A “Ring of Fire” Dazzles in Singapore

This image captures different phases of the annular solar eclipse in Singapore on December 26, 2019. 

“This hasn’t happened for about 20 years,” said Lee Jiayi, 13, of Singapore. “It’s a once-in-a-lifetime experience.”

Jaiyi was one of 4,500 people who gathered at the Singapore Science Centre to see an annular solar eclipse. 

The “ring of fire,” as the annular eclipse is known, was visible on December 26 across the Middle East and Southeast Asia, including the island of Singapore. Such an eclipse occurs when the moon blocks the center of the sun, leaving only a fiery rim. In Latin, the word annulus means “ring-shaped.” 



At the science center, people waited in long lines to view the eclipse through one of 12 telescopes that had been set up. Many people brought their own telescopes and cameras.To view the eclipse safely, it was necessary to wear special, filtered eyeglasses. 

As the moon gradually moved in front of the sun, the temperature decreased, leaving a chill in the air. This was unusual for Singapore, which is known for its scorching-hot afternoons.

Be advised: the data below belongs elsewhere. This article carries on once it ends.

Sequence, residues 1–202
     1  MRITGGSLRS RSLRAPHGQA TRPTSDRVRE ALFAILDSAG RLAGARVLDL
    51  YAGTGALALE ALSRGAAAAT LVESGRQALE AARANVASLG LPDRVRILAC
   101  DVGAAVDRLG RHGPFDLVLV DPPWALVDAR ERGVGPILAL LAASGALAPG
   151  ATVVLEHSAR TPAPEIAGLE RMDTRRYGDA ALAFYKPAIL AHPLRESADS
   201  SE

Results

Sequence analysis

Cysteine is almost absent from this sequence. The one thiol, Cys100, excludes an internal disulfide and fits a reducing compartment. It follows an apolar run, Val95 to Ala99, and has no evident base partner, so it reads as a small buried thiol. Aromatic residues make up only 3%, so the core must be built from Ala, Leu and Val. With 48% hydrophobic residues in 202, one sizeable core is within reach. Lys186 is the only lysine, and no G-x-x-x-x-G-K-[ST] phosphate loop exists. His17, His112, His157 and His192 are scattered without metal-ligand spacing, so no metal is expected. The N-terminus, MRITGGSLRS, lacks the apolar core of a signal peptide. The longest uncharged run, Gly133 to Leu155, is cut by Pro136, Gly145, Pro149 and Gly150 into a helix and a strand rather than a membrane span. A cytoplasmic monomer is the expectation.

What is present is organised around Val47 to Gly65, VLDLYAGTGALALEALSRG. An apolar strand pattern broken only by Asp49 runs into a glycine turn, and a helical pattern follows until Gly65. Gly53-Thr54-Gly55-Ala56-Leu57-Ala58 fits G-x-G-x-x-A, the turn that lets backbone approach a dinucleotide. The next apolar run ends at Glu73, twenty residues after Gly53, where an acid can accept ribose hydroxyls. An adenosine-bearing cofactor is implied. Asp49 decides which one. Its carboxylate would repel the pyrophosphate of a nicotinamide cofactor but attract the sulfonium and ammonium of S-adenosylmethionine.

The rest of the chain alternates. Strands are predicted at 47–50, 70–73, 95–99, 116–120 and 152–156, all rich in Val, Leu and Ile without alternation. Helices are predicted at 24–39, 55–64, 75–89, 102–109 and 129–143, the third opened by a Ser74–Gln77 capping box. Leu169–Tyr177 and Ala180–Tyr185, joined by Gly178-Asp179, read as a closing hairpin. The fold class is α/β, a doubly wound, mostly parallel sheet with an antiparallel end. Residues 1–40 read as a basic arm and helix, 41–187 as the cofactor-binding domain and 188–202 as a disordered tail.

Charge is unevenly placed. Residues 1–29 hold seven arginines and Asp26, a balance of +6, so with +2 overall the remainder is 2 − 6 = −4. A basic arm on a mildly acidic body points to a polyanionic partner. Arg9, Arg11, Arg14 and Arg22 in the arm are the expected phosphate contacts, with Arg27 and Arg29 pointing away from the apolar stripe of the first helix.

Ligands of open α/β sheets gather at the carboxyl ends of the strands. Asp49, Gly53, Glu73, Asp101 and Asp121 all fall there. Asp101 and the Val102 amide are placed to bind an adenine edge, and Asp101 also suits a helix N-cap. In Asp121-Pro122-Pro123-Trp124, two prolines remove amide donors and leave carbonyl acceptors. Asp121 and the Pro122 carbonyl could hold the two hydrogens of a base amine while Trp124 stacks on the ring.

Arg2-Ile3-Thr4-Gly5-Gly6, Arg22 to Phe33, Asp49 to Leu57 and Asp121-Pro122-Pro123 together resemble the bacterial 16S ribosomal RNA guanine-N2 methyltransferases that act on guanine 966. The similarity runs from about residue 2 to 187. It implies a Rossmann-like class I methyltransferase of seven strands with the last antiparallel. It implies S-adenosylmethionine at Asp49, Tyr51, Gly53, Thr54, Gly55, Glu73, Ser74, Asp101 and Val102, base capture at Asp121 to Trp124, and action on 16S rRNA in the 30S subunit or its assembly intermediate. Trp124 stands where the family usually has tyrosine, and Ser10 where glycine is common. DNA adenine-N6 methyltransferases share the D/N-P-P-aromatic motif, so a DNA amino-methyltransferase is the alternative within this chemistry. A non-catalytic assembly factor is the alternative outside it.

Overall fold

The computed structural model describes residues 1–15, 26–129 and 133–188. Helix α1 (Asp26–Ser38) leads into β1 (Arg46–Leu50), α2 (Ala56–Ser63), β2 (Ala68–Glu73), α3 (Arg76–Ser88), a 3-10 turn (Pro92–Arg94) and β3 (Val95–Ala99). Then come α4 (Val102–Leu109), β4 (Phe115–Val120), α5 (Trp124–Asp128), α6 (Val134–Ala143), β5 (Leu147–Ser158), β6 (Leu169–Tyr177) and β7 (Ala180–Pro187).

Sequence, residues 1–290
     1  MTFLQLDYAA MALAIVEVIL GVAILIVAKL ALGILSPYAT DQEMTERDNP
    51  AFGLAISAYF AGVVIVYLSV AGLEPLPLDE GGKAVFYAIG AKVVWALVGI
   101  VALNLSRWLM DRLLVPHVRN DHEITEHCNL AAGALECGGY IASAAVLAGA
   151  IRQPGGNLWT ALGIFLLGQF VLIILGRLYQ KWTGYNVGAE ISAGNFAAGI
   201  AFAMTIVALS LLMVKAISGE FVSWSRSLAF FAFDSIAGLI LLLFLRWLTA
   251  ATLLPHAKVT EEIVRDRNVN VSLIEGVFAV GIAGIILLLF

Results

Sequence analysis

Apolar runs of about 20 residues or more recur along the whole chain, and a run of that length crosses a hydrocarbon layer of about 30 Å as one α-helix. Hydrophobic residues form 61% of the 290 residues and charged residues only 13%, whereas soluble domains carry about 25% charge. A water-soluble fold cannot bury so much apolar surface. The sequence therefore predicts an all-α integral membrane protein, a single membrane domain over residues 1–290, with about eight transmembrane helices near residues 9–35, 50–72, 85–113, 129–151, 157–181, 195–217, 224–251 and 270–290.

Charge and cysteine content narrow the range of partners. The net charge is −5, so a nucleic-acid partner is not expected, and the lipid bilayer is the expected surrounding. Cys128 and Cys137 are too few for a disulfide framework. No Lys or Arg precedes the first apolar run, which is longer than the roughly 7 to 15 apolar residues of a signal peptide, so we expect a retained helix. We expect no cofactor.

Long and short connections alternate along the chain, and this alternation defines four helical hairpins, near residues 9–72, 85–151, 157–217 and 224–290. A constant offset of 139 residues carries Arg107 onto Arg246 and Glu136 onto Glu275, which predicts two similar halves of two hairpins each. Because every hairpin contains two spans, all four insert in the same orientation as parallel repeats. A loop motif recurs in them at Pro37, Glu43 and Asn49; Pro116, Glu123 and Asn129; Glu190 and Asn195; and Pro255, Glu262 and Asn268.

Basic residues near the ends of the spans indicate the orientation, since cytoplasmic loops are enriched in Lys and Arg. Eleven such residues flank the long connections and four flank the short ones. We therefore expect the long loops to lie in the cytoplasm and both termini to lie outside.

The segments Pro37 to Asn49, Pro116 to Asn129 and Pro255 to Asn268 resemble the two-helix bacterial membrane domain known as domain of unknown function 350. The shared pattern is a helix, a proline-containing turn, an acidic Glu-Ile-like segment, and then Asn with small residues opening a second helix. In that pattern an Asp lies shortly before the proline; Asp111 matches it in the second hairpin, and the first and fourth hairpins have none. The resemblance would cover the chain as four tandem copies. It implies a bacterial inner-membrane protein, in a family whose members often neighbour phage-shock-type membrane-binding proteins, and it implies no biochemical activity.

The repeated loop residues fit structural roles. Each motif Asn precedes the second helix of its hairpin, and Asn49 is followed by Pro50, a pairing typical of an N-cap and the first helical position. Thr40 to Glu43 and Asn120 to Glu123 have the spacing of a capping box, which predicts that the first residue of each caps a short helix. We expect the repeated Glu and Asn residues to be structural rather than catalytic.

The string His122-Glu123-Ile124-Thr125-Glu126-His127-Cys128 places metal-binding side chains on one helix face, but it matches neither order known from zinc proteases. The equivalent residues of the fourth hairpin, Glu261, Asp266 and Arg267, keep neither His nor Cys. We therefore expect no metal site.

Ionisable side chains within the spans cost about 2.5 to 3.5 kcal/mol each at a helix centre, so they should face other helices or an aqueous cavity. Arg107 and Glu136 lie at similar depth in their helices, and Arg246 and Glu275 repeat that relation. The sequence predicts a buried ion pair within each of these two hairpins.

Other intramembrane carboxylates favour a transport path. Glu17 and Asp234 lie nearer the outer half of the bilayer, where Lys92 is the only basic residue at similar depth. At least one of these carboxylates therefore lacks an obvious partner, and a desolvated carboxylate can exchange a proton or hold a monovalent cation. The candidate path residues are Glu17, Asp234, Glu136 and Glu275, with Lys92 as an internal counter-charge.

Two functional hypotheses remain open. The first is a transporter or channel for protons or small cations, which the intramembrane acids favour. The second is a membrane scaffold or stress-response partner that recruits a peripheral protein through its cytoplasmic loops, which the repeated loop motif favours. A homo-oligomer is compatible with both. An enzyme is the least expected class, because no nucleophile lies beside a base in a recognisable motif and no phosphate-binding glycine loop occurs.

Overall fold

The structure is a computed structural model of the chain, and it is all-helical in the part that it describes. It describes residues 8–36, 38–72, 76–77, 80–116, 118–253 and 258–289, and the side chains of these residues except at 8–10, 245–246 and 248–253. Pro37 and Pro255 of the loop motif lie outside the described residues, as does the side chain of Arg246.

The entire eclipse lasted nearly four hours, with the moon fully inside the sun for about 2 minutes. When the eclipse peaked, spectators cheered and rushed to take photos of the rare astronomical event. 


Qi Xuan with a staff member at the Singapore Science Centre


Centuries ago, people did not understand the science behind an eclipse. “People used to see an eclipse and think, ‘Maybe this happened because a demon swallowed the sun,’” said Kiruthika Ramanathan, an education expert at the Singapore Science Centre.

Over the centuries, our scientific understanding of eclipses and other natural phenomena has been greatly enhanced. “Science is something you keep asking questions about,” Ramanathan said. “It piques our curiosity and helps us to ask questions.”

The next annular solar eclipse to be visible in Singapore will occur on February 28, 2063. 



Top photo: Grace Tan; bottom photo: Lai Qi Heng